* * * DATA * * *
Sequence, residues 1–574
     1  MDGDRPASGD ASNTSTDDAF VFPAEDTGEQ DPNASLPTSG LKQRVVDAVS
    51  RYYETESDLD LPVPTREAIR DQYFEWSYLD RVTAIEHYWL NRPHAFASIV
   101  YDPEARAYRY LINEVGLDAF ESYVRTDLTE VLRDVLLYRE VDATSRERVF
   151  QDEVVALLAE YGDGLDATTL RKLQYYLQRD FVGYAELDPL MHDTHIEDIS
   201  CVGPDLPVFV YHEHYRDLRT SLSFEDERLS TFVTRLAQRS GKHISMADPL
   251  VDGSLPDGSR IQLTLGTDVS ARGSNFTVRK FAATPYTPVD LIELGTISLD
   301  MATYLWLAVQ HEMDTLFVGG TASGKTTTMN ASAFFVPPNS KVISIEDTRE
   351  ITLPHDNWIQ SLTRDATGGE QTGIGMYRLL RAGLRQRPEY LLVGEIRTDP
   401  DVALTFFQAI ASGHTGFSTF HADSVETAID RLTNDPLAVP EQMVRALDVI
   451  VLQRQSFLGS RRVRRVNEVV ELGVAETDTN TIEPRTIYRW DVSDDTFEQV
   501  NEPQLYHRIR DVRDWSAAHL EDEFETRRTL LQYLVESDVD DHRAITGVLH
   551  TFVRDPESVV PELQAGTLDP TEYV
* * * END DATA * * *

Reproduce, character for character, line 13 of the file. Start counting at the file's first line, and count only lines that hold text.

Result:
   551  TFVRDPESVV PELQAGTLDP TEYV